Module 3: Section 1 periodic table (Ionisation Energies (rather important…
Module 3: Section 1 periodic table
The Periodic table
The periodic table is split into blocks, the s block, p block and the d block. This tells you where the outer most electron is placed in an atom of that element
The periodic table is arranged by proton number
A period is the name given to a row of elements and a group is a column of elements
The elements at the end of each period have a full outer shell of electrons and make up the noble gasses as they don't react
The elements in the same group all have similar chemical properties as they have the same number of electrons in their outer shells.
When electrons have been removed from an atom or molecule it has been ionised.
The first ionisation energy is:** The energy needed to remove 1 mole of electrons from 1 mole of gaseous atoms o form 1 mole of gaseous ions
The reactions are endothermic as you have to put energy into them
rather important facts about ionisation energies:
1) Must use the gas state symbol because ionisation energies are measured for gaseous atoms
2) Always refer to 1 mole of atoms instead of 1 atom in the definition
3) The lower the ionisation energy the easier it is to make an ion
Factors that effect ionisation energy
1) nuclear charge: The more protons that are in the nucleus, the more positively charged the nucleus is and the stronger the attraction for the electrons
2) Atomic radius: Attraction falls off very rapidly with distance. An electron close to the nucleus will be much more strongly attracted than one further away
3) Shielding: As the number of electrons between the outer electrons and the nucleus increases the outer electrons feel less attraction towards the nuclear charge.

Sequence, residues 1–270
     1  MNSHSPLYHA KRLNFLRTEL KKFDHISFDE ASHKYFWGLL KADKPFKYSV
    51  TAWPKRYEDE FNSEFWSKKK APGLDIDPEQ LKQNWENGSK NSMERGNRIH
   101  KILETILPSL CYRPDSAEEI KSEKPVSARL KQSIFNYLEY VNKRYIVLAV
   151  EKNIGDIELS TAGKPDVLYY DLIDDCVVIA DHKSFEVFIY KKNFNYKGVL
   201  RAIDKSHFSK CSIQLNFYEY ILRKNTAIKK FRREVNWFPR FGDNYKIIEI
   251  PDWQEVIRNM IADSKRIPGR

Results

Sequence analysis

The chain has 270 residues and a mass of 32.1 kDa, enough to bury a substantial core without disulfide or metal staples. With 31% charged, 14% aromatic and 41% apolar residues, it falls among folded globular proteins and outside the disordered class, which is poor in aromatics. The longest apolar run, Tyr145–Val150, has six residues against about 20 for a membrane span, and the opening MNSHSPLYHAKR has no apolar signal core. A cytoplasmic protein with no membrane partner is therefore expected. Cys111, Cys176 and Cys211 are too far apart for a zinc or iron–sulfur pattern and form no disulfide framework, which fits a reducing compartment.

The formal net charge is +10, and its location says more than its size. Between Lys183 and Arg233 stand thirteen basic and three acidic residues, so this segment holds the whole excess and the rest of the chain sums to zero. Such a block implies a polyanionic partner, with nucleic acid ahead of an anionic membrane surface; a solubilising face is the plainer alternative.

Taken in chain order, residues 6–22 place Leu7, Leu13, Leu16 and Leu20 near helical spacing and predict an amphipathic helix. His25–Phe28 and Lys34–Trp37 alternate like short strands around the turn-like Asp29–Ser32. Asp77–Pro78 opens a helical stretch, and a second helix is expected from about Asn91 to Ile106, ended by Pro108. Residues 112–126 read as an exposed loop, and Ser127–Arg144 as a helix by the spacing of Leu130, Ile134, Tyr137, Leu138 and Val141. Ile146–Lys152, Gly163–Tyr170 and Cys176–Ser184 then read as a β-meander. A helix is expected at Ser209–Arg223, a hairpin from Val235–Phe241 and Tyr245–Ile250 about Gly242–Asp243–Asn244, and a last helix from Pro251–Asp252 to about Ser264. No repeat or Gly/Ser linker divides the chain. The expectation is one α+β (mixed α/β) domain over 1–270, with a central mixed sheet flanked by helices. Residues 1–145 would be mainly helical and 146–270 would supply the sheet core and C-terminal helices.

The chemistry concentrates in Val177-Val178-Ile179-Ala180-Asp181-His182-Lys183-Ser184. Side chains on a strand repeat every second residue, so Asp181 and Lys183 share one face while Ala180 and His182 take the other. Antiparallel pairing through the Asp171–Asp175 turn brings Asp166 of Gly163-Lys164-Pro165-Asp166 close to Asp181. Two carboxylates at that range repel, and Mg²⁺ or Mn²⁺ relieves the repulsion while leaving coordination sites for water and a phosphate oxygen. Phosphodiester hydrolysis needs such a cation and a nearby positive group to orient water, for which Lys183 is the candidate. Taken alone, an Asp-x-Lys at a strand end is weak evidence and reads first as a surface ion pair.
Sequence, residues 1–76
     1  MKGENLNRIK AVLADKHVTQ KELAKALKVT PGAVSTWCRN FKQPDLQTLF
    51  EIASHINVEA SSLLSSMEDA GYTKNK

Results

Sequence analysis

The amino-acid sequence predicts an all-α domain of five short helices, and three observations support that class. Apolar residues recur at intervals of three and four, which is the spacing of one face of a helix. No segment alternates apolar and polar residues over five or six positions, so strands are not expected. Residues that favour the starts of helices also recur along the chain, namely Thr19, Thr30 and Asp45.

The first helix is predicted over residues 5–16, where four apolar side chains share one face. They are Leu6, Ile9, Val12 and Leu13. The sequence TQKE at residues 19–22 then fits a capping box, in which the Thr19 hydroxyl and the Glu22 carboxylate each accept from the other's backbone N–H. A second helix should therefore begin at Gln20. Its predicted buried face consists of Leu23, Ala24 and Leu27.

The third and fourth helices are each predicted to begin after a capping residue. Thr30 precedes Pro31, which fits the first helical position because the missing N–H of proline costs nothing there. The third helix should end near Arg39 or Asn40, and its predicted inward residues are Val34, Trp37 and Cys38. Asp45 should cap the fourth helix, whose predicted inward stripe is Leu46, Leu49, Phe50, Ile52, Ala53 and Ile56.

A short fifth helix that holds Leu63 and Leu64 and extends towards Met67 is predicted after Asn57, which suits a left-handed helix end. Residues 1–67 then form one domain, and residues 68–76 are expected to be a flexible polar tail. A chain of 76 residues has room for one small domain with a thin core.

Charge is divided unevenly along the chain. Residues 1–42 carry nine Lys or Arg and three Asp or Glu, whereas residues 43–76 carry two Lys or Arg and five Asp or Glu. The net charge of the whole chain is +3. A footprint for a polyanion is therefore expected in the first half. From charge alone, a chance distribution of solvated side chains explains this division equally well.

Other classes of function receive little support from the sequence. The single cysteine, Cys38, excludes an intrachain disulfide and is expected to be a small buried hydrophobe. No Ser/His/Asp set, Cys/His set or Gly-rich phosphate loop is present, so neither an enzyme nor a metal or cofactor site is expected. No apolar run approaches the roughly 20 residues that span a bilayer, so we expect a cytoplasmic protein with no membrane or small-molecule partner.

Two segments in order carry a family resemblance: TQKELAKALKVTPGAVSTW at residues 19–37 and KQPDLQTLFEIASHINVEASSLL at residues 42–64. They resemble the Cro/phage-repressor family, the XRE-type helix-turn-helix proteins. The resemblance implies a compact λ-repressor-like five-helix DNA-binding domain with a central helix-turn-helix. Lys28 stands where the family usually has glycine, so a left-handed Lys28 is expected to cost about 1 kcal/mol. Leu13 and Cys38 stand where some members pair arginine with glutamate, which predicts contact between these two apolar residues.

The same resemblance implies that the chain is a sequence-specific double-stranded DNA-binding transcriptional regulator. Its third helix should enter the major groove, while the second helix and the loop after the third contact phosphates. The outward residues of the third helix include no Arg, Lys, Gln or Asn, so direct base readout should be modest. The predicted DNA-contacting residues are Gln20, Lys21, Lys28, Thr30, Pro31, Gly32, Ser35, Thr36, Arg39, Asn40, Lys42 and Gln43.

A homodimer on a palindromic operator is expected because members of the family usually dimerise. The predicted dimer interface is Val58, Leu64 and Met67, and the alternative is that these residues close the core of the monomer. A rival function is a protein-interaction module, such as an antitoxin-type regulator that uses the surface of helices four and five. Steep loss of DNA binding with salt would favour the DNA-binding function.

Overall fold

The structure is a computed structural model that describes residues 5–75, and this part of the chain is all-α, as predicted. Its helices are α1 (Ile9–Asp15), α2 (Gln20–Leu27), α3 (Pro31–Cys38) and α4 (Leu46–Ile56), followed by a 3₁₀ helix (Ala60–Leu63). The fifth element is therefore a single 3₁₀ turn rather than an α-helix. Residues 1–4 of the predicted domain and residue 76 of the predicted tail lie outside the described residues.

A high ionisation energy means there is a strong attraction between the electron and the nucleus so more energy is required to overcome the attraction and remove the electron
As you move across a period the general trend is that the ionisation energy increases and the general trend down the group is that the ionisation energies decrease. **However there is an exception to the rule. Between groups 2 and 3 and groups 5 and 6 the ionisation energies drop due to the outer most electron being in a higher energy level so is further away from the nucleus therefore easier to lose
The drop between groups 5 and 6 is down to p sub shell repulsion as the atoms in group 5 have 1 electron in their outer most shell and the atoms in group 6 have 2 electrons in their outher most shell the repulsion between the 2 electrons makes the first electron easier to remove
Successive ionisation energies are the further removal of electrons for ions which requires more energy than the first
The big jumps on the ionisation energy graph are down to electrons being taken from a new shell.
Structure, Bonding and properties
Disproportionation and water treatment
Tests for ions